Glassy lady

Well, we finally found a bit of Venice we really liked. It’s where the glass comes from, Murano. It’s more of a real place, with real people and a lot less made up than Venice proper! We wandered around most of it, enjoying the fact that we were actually alone for long periods of time. That’s not to say that tourists don’t swarm over Murano.

On the contrary. They arrive on the island looking for a special glass creation. And the shops on Murano are just the thing. The entire island was once dedicated to the making of glass because a long time ago the Venetian authorities were a bit concerned about the big furnaces being close to the homes in the main parts.

It reminds me of all the candle factories in Edinburgh being in the one street so if there was a fire, it would be contained in that one street. In the case of Murano, the whole island could burn down and only the people living and working there would burn.

Fortunately that didn’t happen and instead, the artisans of Murano flourished and became world famous for their glass making techniques. They also managed to perfect new processes in glass making and, because they were all hidden away on their own little island, they decided not to share their new secrets. This meant they owned the monopoly and, of course, everyone wanted their glass because it was the best.

This was all well and good in the Renaissance but now the Chinese make it very cheaply, export it back to Venice and the shops sell it an incredibly inflated price. This means that some shops in Murano have to put a sign in the window saying their glass is real Murano glass and, therefore more expensive. This is how capitalism works.

All along the main canal there are countless shops (actually, that’s not true, you could count them if you really, really wanted to) selling all sorts of glass creations. Some lovely, some hideous, some plain bizarre. It’s a shopper’s delight. We looked for a way out of the crowds and found the real Murano behind the shopping stretch.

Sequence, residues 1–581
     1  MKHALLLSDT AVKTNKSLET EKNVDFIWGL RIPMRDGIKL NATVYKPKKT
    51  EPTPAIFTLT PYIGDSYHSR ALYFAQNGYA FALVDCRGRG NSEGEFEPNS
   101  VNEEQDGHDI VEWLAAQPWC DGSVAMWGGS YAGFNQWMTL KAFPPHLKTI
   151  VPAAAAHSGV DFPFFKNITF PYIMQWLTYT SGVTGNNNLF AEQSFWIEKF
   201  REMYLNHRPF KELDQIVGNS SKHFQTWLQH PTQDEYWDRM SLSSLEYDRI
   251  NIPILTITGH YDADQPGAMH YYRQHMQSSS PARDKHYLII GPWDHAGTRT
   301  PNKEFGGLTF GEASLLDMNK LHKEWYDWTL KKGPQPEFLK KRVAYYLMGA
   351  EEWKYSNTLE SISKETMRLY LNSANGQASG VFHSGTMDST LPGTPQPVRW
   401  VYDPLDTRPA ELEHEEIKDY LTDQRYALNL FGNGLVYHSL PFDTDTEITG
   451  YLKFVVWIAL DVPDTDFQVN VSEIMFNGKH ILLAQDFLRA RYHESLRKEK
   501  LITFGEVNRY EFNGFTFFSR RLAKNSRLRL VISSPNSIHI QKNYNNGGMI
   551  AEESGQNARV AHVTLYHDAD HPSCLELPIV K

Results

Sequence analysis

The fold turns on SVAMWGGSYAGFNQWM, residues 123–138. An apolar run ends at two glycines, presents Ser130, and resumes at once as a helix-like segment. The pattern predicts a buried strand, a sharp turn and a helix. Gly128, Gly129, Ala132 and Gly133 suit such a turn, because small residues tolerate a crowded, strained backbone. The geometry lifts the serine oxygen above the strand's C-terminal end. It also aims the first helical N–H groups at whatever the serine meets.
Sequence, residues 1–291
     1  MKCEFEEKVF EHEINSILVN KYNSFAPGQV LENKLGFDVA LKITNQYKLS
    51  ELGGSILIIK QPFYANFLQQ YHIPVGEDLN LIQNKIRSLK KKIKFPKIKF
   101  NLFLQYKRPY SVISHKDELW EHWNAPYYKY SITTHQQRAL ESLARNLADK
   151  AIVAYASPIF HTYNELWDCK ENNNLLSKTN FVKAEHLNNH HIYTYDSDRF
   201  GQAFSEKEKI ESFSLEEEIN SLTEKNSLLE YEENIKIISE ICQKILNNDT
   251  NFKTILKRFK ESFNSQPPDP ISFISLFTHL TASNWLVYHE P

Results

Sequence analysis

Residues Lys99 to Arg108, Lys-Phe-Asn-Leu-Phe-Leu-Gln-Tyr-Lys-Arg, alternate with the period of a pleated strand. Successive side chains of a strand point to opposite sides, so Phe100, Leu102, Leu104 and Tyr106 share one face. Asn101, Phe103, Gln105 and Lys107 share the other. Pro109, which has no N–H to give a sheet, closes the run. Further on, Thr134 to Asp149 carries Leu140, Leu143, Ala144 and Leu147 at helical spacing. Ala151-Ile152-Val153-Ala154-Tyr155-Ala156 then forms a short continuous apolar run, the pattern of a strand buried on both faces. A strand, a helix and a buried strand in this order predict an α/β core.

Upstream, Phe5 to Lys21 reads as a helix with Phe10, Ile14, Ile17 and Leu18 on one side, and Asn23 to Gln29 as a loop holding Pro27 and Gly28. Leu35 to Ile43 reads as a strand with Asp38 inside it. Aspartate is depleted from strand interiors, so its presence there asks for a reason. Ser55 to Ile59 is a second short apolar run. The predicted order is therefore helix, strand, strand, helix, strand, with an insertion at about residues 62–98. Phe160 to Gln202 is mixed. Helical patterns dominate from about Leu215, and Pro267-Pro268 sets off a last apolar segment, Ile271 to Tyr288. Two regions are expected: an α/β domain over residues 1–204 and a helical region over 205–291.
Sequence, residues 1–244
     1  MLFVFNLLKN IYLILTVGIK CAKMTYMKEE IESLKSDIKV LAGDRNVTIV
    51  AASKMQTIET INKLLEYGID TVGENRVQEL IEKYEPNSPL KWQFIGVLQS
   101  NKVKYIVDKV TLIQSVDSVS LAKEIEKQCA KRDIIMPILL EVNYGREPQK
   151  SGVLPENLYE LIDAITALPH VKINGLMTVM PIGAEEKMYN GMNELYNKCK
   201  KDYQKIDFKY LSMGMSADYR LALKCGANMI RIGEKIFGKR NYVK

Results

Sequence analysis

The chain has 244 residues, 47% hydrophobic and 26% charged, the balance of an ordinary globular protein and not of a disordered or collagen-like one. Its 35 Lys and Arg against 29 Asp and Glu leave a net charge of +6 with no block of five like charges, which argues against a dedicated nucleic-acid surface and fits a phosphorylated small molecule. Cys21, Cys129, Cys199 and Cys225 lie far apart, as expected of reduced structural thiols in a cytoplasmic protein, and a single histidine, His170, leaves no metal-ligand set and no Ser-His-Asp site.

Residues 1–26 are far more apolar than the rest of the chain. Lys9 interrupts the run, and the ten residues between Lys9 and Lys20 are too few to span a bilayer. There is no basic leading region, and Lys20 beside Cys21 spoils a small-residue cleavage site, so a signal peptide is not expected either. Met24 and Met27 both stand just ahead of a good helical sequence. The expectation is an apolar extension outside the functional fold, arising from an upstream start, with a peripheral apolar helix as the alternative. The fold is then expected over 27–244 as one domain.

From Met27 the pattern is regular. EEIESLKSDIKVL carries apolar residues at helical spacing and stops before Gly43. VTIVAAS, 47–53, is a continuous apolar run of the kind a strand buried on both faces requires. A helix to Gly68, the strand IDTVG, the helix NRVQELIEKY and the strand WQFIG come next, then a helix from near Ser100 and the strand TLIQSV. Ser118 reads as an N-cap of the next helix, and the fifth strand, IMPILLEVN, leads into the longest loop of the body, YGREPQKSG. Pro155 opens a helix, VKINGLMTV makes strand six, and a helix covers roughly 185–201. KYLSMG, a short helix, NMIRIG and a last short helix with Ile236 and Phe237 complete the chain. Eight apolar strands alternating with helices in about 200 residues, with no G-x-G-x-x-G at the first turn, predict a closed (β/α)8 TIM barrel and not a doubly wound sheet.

It’s a shame we didn’t stay on Murano. It is lovely. Houses with gardens, trees, birds, no cars, and quiet. And it would have been just as easy to get to from the station. Just hop aboard a ferry and get off about half an hour later. I’d recommend this to anyone coming to Venice who wants to be able to escape the madness and tourist infestations of the main part of Venice for quiet nights and just a boat ride away.

After a jolly good wander we ended up at a little café where we sat with coffee (peach tea for Mirinda – her newest addiction) and watched the locals at work and play.

We had lunch on a terrace over the main canal and watched the tourists walk back and forth over the bridge and along the footpath. The food was good, the service good, the rosè eventually nicely chilled. We finished and spent a long time and many euros on the walk back to the ferry.

There are a couple of churches on Murano. Most people visit the main one in order to see the Bellini paintings. But then they tend to miss the wonderful mosaics in the floor of St Maria Donato. We visited this second one. Sadly there weren’t any English guidebooks, just Italian and French. However, I managed to get a photograph of the wonderful pair of roosters carrying off a fox tied to a stick.

Two roosters taking home the fox for dinner

There was also a singularly ugly glass Jesus on a cross which I didn’t bother taking. I did bother taking the photo of the strange glass lady though. She just stands in the middle of a road to the ferry and is rather odd. Her breasts and tummy are mirrors while the rest is balloon-like glass.

Creepy glass woman sculpture on Murano

We eventually caught the long distance, scenic #5 vaporetto back to St Marks – Zaccaria where we switched to the #2 down the Grand Canal to Rialto and home.

Dinner was a simple affair at the civilised time of 9:30pm. Pizza for me, spag bol for Mirinda. And, of course, an ice cream on the meandering way back to the flat. The temperature was noticeably higher as we walked between the walls, hemming us in. Rather glad we’re leaving tomorrow.

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